“What Apple is doing now with their Apple Software Update on Windows is wrong,” John Lilly, Mozilla CEO, blogs. “It undermines the trust relationship great companies have with their customers, and that’s bad — not just for Apple, but for the security of the whole Web. What they did yesterday was to use their updater for iTunes to also install their Safari Web browser…”
MacDailyNews Take: No, that’s not what Apple did. What Apple did was present the user an option to install and/or update Safari. Users did not have Safari installed and/or updated if they did not want it. That said, Apple should not use the word “update” for all users. Apple should change the nomenclature depending on whether or not Safari is actually installed on the PC. Say “install” if it’s to be an install and say “update” if it’s to be an update. If that single, minor change were to be made, we’d have no problem whatsoever with Apple using Apple Software Update on Windows PCs to offer new software while updating existing Apple apps, including having the “install/update” box pre-selected. However, stating “update” for all users with the “install” box pre-selected, as Apple is doing currently, is unnecessarily obtuse and could be interpreted as an attempt to deceive; in other words: Microsoftian. And, let’s face facts, Windows sufferers in general aren’t the brightest bulbs in the pack; they need all the clarity they can get.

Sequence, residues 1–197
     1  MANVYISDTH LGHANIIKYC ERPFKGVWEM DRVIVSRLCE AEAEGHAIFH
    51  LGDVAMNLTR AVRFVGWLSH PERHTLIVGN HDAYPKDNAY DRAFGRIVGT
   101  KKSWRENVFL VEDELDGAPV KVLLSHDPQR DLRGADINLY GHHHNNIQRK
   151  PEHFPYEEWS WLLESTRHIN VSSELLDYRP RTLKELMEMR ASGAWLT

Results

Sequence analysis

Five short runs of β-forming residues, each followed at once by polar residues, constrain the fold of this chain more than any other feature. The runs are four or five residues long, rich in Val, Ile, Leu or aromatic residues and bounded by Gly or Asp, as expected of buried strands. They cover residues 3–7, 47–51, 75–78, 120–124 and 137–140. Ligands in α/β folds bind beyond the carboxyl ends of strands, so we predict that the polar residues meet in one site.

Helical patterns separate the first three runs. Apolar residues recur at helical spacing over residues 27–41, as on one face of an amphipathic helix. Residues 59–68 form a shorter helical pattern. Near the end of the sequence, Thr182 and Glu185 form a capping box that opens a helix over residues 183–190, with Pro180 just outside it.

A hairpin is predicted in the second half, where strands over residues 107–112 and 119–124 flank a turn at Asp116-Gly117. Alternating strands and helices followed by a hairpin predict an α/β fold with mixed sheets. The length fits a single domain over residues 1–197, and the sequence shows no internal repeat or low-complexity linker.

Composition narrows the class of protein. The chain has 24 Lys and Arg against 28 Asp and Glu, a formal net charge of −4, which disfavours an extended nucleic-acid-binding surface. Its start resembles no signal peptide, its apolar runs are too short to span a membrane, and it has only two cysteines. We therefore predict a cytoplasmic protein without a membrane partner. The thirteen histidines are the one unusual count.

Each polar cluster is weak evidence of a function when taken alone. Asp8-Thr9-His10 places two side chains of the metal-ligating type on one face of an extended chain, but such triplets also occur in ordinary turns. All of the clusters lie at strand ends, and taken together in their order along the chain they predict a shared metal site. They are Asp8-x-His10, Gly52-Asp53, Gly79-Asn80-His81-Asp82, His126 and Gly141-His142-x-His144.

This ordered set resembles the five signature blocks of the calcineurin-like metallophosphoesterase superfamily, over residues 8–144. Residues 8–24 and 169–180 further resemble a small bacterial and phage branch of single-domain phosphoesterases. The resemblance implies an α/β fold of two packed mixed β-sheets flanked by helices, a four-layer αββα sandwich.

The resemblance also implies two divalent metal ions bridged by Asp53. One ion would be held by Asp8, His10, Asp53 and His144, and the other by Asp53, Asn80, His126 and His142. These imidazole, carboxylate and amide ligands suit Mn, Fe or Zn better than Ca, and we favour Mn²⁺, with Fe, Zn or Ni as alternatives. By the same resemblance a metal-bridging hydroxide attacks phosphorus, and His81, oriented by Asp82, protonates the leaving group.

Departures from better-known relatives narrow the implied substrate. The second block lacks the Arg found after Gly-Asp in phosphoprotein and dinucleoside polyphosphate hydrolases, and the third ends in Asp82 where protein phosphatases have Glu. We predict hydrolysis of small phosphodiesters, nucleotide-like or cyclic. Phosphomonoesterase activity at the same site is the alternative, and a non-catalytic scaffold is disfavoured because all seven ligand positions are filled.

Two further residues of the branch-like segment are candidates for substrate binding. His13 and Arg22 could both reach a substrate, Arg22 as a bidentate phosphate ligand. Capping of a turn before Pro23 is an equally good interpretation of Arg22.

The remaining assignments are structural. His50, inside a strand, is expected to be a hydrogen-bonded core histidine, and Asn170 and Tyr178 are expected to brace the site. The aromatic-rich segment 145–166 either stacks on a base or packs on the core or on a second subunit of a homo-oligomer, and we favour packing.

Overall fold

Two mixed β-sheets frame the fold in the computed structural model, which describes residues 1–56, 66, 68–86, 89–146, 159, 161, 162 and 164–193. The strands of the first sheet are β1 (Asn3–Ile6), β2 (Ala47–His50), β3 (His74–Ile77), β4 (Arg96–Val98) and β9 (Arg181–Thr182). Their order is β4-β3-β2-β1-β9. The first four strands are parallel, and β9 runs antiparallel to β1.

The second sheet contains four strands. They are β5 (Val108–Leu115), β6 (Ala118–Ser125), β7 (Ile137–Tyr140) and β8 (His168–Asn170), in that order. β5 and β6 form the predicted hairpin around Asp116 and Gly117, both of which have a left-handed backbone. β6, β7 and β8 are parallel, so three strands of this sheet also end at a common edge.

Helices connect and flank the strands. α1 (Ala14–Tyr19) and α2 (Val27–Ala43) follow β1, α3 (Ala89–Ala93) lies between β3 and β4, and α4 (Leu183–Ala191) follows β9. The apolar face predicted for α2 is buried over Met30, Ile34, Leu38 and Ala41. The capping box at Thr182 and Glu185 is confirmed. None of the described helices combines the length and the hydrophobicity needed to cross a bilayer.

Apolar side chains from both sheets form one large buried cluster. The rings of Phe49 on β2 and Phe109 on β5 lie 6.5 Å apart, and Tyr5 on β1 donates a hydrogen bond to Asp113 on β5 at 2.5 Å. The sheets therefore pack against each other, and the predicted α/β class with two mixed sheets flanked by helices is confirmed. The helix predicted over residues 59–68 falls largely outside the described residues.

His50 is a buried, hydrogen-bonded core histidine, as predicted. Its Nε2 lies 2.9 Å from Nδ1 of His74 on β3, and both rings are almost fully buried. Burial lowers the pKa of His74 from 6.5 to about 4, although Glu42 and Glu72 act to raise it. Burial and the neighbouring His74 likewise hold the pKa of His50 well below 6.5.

Lilly continues, “Anyone who uses iTunes on Windows has Apple Software Update installed on their machines, which… checks for new patches available for Apple-produced software on your Windows machine, alerts the user to the availability, and allows updates to be installed. That’s great — wonderful, in fact. Makes everyone more likely to have current, patched versions of Apple’s software, and makes everyone safer… The problem here is that it lists Safari for getting an update — and has the ‘Install’ box checked by default — even if you haven’t ever installed Safari on your PC.”
MacDailyNews Take: Agreed.
Lilly continues, “The likely behavior here is for users to just click “Install 2 items,” which means that they’ve now installed a completely new piece of software, quite possibly completely unintentionally. Apple has made it incredibly easy — the default, even — for users to install ride along software that they didn’t ask for, and maybe didn’t want. This is wrong, and borders on malware distribution practices.”
MacDailyNews Take: Doh! (Disingenuous overstated hyperbole!) So, Lilly’s not the least bit worried that users might like the much-faster and more elegant Safari over other browsers, including his own? We find that very difficult to believe.
Full blog post here.
MacDailyNews Take: The fear is palpable. Hundreds of millions of iTunes software downloads will do that to you. You can almost hear the beads of sweat dripping on his keyboard.
That said, we repeat: Apple should change the nomenclature depending on whether or not Safari is actually installed on the PC. Say “install” if it’s to be an install and say “update” if it’s to be an update.
And, finally, as we said yesterday: It’s about damned time Apple leveraged those iTunes for Windows installs to help spread the word. There also ought to be a big permanent link to the “Move to Mac” and related videos right in the middle of iTunes’ home page. It’s pedal to the metal time now. Let’s go!